Ananthapuram is a low-cost dubbed version of a Tamil hit Subramaniapuram. By low cost, we mean low cost - the only way they could have cut dubbing costs any further is by using the same voice for all characters, and we are not even sure they didn't consider that. In what is a first, even the end-credits of this one appear in Tamil.
There are several reasons Ananthapuram is a disastrous movie to sit through, and we at fullhyd.com are not allowed to give out so many reasons for a single movie since it violates some monopoly laws. Not the least of the reasons is that this is a film set in the rural Tamil Nadu of 1980 where you can see just about every man in a lungi with his under-shorts peeping out. Yes, we should have broken that news in 3 sentences, with pauses between them.
Now it is not difficult to imagine a Telugu movie set in 1980 in interior Andhra becoming a hit in AP in 2009, and that would partly be because of the identification of the audiences with their culture and their roots. Which is why this one might have worked in Tamil Nadu. In AP - or anywhere else - that would all be mostly jarring visuals, and sure enough, this one reminds you of those Sunday afternoon regional films shown on Doordarshan in the '80s. Those kinds of movies have their audiences at the Hyderabad Film Club weekly screenings, not at a multiplex or RTC X Roads.
Then, the story itself is highly overrated. This is no thriller or romance - it's a tale of 3 semi-exciting villians with few redeeming qualities who live by the sword and die by the sword, a tale that Ram Gopal Varma has narrated with much more panache, detail and ersatz a plethora of times. And it's s-l-o-w - nothing seems to happen in the first half, and you don't care if anything even happens in the second. And no, Swati, so in-your-face in all the promos, hardly has much to do.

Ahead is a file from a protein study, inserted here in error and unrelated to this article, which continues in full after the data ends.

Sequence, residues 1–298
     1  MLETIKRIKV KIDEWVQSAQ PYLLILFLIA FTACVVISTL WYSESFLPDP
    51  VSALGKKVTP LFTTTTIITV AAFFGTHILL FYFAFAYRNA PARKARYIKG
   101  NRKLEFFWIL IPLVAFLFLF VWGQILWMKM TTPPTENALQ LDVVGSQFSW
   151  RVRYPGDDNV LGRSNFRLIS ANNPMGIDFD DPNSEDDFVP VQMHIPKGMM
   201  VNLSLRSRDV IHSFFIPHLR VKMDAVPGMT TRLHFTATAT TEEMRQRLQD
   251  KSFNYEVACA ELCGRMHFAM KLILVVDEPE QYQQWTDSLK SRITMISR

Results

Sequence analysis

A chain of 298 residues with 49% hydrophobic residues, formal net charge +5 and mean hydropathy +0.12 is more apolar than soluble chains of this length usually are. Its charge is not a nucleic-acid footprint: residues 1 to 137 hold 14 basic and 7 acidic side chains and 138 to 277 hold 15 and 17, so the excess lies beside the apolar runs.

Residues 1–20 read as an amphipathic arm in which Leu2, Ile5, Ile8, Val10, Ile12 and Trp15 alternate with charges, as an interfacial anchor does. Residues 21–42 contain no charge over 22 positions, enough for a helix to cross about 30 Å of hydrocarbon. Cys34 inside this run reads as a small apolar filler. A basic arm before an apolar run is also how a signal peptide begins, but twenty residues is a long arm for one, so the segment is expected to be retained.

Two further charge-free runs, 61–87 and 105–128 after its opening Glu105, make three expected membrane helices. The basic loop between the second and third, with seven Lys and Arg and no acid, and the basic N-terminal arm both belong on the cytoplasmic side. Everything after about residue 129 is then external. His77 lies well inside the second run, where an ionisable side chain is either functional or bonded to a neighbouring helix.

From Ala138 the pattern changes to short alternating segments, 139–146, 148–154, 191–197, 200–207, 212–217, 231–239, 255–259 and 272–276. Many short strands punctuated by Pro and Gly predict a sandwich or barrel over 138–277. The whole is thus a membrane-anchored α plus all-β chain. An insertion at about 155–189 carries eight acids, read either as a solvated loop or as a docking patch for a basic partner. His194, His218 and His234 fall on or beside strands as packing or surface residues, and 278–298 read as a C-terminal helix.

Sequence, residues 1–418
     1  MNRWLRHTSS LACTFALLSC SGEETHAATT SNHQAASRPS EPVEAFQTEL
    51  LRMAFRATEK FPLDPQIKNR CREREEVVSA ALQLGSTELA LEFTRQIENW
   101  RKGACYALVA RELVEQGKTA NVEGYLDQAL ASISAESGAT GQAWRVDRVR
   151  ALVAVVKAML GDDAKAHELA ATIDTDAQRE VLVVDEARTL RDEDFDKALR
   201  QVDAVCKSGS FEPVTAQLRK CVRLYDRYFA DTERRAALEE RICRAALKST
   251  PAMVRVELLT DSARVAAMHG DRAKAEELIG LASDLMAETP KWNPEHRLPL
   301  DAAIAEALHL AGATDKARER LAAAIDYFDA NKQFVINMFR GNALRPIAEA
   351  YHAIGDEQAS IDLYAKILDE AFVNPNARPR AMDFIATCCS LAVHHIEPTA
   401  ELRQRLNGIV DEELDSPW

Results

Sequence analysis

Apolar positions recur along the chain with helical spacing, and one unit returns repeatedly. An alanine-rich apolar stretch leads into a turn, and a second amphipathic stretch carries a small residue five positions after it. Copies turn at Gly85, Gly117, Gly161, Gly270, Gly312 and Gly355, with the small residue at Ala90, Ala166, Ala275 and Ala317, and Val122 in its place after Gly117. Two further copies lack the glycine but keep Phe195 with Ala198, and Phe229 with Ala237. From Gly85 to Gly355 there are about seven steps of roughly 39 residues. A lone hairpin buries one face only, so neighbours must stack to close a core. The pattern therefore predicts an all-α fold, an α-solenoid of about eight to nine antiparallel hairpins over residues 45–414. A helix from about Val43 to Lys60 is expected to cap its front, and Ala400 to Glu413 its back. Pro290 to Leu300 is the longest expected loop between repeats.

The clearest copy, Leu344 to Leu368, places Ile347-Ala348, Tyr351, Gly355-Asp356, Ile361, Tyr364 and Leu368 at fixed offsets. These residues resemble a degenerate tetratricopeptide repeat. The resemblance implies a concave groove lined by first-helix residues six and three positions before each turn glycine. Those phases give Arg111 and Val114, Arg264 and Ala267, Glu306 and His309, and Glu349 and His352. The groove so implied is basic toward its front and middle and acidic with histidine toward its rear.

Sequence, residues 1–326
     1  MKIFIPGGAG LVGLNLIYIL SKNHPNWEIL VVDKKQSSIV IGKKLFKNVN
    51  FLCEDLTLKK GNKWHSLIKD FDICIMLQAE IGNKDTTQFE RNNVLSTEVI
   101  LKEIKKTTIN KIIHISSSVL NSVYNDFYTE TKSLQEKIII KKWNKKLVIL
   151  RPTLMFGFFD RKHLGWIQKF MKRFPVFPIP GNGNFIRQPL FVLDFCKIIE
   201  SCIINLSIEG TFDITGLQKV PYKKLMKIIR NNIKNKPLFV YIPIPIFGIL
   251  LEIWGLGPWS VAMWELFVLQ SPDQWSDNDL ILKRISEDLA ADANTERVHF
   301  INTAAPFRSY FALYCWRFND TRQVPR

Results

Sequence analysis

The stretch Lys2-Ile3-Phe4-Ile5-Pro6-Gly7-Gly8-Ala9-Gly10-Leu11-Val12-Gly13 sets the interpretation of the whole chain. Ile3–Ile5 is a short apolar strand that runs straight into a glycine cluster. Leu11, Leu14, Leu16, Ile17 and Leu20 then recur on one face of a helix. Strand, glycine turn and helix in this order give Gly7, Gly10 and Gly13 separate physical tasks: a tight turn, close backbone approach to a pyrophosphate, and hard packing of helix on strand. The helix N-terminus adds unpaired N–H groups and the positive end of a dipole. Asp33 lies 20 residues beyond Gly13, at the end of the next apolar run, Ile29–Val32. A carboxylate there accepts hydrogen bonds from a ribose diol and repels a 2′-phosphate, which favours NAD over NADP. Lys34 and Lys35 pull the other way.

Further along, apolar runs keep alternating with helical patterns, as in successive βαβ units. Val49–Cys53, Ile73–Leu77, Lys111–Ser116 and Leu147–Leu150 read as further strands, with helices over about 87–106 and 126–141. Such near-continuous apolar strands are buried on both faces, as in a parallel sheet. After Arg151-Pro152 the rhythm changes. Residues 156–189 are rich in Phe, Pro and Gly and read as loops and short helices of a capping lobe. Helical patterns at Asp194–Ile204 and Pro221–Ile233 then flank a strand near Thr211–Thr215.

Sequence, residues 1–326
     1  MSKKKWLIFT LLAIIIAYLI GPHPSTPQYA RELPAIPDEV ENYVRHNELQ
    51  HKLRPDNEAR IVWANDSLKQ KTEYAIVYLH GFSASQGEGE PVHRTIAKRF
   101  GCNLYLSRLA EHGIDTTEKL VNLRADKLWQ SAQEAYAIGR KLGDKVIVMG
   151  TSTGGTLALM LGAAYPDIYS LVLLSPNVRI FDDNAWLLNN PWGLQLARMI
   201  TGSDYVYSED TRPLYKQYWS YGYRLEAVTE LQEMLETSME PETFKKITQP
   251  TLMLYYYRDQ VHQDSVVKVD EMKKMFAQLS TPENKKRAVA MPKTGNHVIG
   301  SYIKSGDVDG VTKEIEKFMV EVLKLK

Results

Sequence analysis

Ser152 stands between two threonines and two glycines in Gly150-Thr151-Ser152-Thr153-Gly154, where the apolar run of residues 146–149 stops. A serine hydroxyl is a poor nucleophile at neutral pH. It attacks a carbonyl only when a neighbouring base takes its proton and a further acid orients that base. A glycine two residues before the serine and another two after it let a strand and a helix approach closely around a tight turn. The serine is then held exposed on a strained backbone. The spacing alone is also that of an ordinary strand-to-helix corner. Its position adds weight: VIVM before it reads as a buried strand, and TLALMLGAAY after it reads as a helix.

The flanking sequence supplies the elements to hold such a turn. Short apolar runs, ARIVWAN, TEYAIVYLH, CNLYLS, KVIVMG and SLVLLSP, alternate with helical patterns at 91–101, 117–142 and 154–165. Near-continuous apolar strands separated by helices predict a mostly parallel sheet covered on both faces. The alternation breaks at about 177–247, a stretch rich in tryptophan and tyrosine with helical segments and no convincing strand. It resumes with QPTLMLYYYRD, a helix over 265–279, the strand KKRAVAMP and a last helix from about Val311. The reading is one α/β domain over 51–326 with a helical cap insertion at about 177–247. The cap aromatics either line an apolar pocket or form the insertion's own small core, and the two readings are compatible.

Brahma (Sasi), Sankaram (Jai) and Kasi (Ganja Karuppu) are 3 semi-literate friends, boors, crooks serving as toadies to Somasekharam, an ex-councillor whose political career seems to have stalled and who is taking the loss of power extremely hard. Somasekharam's brother Ranganna (Samudhirakani) cons the trio through sentimental lines, into agreeing to murder the former's political opponent.
After the murder, the three realize that they were used, and that Somasekharam and Ranganna are doing nothing to get them out of jail. They get out on bail with the help of another criminal who gets them to commit more murders in return. And soon the vicious web has them firmly in its grip, bringing in its wake heartbreak for Sankaram who is in love with Tulasi (Swati), and the pain of childloss for his mother.
If this film did work in TN as claimed, it would be because it's a movie different from the mainstream ones (i. e. its authentic retro setting), and not because it scores high on innovativeness, thrills or any technical aspects. There's a strong undercurrent of a documentary in the first half, a strong undercurrent of a tragedy in the second half, and a strong undercurrent of boredom all through.
The story has apparently been cobbled together from a real-life tale, and there doesn't appear to be anything so remarkable about that tale in the first place that a whole movie should be made out of it. The performances are okay, but like we said, the biggest problem is extreme Tamil nativity. For most local audiences, it's almost embarrassing to be caught in a movie like this.
Stay away from Ananthapuram - given the effort they've put into dubbing, you are little more to them than an extra currency note, anyway.